Paul Evans: I can't believe you keep bringing this up. Names? I'm telling you I don't know any. You know‒OK, Carter. I heard somebody mention the guy, that Carter fella. Like he wrote that damned article because she broke up with him or something like that.
Detective Armstrong: So there was speculation that Carter Nichols wrote the article about Kimberly because she rebuked his advances?
Paul Evans: Yes. Now, look. I know people make up stories, probably because they have nothing better to do with their time. You know, like it was just so hard to believe that Carter wrote that article because he was just a little son-of-a-bitch? You know, they have to make someone else responsible for it. Make someone else to blame for what he done when it was his fault.
Detective Murphy: OK. OK, Mr. Evans. We get it. When did you start moving your bowls and things to the gallery for the show?
Paul Evans: Thursday before the show, maybe on Friday too.
Detective Murphy: Was Kimberly there when you did it?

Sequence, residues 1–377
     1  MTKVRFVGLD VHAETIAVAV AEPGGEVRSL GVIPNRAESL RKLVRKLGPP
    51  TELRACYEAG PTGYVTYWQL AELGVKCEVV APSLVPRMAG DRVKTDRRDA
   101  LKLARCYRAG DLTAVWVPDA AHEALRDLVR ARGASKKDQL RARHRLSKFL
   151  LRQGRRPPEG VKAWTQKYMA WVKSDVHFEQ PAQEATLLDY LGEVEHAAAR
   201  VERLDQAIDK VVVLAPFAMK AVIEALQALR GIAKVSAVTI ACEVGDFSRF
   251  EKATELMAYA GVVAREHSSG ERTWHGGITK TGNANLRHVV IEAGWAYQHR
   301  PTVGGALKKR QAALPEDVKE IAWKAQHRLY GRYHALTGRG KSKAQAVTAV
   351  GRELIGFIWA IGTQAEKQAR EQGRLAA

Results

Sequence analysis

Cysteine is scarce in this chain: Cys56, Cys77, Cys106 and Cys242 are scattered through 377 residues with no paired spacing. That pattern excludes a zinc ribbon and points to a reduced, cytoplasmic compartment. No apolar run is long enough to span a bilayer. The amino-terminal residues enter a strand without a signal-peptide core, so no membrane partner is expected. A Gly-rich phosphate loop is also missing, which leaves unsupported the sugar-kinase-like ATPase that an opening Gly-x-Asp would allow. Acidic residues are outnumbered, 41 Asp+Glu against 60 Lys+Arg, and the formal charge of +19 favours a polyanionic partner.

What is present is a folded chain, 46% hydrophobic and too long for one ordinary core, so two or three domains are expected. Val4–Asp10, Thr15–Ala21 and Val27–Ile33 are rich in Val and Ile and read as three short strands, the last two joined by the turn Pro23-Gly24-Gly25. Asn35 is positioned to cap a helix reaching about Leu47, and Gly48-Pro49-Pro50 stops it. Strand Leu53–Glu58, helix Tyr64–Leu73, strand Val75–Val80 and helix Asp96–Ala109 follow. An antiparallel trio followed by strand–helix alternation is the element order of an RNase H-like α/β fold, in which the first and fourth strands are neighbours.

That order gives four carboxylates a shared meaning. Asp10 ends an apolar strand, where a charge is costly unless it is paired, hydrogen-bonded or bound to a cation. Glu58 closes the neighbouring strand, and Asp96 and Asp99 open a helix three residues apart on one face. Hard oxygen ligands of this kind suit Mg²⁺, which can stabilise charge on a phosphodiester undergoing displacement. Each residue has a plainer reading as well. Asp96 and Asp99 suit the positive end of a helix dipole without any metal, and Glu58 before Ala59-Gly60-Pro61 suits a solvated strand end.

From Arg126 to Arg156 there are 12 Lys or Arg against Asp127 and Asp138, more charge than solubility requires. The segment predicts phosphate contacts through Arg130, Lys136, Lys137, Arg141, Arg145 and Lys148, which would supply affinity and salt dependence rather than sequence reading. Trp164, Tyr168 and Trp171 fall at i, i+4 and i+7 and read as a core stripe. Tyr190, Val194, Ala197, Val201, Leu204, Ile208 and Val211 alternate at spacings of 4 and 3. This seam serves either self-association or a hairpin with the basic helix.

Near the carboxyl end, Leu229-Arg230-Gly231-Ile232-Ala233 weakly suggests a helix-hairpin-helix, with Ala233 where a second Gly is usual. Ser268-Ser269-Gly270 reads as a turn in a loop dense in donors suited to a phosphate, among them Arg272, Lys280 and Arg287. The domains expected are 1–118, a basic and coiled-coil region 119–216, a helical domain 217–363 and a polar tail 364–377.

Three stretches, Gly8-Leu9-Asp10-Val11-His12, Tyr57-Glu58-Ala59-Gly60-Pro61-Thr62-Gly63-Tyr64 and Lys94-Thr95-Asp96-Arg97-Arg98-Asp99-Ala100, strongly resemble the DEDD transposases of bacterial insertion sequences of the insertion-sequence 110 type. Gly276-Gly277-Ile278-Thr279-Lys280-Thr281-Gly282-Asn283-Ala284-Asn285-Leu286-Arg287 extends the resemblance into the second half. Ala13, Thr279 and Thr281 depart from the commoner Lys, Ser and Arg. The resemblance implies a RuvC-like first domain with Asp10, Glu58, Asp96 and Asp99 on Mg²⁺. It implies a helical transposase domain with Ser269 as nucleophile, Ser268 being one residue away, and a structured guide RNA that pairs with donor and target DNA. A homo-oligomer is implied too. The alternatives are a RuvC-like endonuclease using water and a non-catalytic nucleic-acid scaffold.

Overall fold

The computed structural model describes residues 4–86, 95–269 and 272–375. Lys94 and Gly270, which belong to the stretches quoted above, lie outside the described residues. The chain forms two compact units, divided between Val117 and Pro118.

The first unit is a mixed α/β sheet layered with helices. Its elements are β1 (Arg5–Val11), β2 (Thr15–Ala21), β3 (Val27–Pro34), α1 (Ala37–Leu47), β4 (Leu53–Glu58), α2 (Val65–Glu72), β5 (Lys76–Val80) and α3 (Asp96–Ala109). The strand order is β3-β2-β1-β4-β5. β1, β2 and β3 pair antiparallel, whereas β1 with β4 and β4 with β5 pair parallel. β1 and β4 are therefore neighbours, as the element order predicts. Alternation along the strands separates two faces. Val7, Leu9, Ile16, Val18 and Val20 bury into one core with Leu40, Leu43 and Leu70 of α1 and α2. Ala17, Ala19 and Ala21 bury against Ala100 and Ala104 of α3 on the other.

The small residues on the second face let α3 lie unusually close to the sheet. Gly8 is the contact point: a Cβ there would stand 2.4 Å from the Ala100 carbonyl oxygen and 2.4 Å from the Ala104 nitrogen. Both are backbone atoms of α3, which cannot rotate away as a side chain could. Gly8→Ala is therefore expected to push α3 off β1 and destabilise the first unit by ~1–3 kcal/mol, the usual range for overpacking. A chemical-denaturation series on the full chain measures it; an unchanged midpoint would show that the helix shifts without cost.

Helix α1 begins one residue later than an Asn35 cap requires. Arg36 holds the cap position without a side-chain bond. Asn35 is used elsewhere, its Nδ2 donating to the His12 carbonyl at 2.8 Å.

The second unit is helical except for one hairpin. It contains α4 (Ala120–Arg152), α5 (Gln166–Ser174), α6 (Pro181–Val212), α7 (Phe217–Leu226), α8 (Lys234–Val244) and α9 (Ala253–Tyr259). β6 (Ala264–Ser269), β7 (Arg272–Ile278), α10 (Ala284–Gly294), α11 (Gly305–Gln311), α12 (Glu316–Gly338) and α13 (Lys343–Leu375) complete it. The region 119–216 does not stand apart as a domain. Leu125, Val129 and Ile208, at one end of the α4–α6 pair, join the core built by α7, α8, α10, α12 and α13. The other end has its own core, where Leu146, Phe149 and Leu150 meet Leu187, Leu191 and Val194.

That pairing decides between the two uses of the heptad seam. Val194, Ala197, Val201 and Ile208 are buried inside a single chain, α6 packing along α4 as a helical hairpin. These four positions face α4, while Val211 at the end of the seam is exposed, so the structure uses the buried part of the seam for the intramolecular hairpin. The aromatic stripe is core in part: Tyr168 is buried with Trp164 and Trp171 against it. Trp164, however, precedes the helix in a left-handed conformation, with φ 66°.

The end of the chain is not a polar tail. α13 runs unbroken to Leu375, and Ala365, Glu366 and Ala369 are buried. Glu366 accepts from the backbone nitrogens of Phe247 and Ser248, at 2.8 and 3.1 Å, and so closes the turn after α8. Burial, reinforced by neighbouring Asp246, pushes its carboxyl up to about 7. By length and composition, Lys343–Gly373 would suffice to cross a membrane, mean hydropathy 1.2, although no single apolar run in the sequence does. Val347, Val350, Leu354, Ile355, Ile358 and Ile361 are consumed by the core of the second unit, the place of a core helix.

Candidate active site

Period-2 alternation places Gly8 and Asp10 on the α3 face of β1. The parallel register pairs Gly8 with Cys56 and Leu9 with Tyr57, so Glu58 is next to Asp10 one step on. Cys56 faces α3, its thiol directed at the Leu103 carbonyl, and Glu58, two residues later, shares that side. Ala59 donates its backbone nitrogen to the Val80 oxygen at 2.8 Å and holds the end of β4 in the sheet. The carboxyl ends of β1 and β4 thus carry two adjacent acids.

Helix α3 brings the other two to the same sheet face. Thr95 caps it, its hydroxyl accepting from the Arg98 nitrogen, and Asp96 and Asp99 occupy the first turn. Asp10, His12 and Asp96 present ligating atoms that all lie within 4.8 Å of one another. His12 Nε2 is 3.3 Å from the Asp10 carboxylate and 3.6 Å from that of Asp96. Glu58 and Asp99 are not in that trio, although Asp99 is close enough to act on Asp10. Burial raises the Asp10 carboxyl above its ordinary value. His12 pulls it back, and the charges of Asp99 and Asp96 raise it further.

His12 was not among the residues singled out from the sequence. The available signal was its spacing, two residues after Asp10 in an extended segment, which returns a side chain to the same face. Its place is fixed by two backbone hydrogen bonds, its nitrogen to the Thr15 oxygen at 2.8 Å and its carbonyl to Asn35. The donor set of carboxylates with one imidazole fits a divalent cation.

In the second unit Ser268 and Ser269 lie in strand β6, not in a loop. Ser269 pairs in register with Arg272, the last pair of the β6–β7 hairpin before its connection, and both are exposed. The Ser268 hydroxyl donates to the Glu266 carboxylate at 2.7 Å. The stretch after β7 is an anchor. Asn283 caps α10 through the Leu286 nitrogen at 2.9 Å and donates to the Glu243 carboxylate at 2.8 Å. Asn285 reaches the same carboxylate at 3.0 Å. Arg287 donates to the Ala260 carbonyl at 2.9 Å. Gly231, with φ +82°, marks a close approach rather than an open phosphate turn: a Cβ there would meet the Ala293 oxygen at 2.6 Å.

Paul Evans: No, she was at work.
Detective Murphy: Anybody help you move them?
Paul Evans: Yes, Miguel helped me move them. We used his car. Took several trips, maybe ten, to get everything over there.
Detective Armstrong: And Lila wasn't there at Kimberly's with you during this time? Helping or anything?
Paul Evans: No! Just Miguel.
Detective Armstrong: OK.
Paul Evans: OK? So that's it?
Detective Armstrong: Yep, unless you've got something you want to add that you think we should know.
Paul Evans: OK. I just want to put on the record that Kimberly was a very good girl. She didn't lie or cheat, and I don't care what any of the folks you talk to say about her. She doesn't deserve to be badmouthed like this. Someone took her life away, and she didn't deserve that either. I want you guys to do your damn job.
Detective Armstrong: OK, Paul. Thanks. If we have any more questions, we'll contact you.
Paul Evans: All right.
End interview 1:14 p.m.